Biography of Japanese Painter
Tani Buncho (1763 - 1840)
Buncho was born in Edo as the eldest son of Tani Rokkoku.
Tani Rokkoku was a samurai and Kanshi poet who served the Tayasu family (=One of the three branches descended from Tokugawa Yoshimune, the 8th Shogun).
When Buncho was 12 years old, he studied the Kano style painting under Kato Bunrei.
When he was 18 years old, he also became a disciple of Watanabe Gentai.
As Kato Bunrei deceased when Buncho was 20 years old, he studied the old Chinese painting style (Hokuso-ga) under Kitayama Kangan.
When he was 26 years old, he planned to go to Nagasaki for study of painting.
In the course of his trip, he studied the formal Nanga style painting under Kushiro Unzen at Osaka.
Thus, Buncho studied a variety of painting styles and he established his own style by fusing them together.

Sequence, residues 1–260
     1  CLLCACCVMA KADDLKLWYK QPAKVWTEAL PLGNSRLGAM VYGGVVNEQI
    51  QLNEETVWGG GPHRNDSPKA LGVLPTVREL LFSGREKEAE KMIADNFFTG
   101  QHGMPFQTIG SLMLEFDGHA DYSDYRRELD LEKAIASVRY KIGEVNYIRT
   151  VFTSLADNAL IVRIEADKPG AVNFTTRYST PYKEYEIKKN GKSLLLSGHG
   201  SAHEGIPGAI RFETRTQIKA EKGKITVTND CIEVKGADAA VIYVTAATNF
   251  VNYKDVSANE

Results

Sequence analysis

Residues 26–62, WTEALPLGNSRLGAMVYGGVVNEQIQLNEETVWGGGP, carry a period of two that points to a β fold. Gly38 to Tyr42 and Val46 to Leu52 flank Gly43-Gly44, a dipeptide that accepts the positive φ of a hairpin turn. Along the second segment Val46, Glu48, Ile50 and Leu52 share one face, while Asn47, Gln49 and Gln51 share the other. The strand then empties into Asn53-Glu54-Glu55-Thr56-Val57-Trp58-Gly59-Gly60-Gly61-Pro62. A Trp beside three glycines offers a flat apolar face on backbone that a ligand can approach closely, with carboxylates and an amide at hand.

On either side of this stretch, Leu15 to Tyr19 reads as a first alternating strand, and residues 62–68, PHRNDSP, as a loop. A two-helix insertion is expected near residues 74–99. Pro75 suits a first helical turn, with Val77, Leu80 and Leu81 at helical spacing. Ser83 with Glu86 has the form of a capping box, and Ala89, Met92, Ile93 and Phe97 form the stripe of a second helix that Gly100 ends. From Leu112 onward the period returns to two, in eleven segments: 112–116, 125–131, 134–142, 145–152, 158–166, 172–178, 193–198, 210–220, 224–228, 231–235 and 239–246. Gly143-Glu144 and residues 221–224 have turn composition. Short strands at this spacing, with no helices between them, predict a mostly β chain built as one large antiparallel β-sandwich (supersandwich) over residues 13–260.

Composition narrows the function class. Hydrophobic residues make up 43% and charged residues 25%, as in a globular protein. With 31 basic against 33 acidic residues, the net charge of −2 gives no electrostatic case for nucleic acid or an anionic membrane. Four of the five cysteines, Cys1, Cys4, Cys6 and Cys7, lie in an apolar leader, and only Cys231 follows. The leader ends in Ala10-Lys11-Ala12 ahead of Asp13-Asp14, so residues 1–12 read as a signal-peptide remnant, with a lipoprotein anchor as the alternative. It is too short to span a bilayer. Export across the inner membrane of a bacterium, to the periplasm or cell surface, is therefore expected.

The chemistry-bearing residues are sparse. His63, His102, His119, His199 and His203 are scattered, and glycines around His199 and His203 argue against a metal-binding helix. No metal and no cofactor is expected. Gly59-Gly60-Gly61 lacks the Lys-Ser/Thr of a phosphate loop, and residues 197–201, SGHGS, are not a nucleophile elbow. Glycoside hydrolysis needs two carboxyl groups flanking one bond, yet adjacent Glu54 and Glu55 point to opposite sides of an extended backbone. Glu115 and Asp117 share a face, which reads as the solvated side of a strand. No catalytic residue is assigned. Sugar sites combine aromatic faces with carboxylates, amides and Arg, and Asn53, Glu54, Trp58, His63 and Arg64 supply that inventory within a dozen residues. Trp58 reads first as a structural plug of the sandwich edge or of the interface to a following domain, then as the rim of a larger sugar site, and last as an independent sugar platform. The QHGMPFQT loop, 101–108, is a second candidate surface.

Buncho inherited the samurai status from his father and also became an
official painter for the Tayasu family.
When Buncho was 30 years old, he changed his lord to Matsudaira Sadanobu who served as the chief of staff for Shogun.
By order of Sadanobu, Buncho made many sketches of old drawings and treasures.
Buncho traveled around Japan and he sketched many mountains including Mt. Fuji.
Buncho cultivated many disciples such as Watanabe Kazan or Tachihara Kyosho.
Buncho emphasized the importance of making sketches and copying old drawings.
When 75 years old, he was ordained as Hogen (second highest rank of which painters could receive).
Therefore, he was very prosperous.
Buncho deceased in 1841 at the age of 79.
He was buried in the Genku-Ji Temple at Asakusa.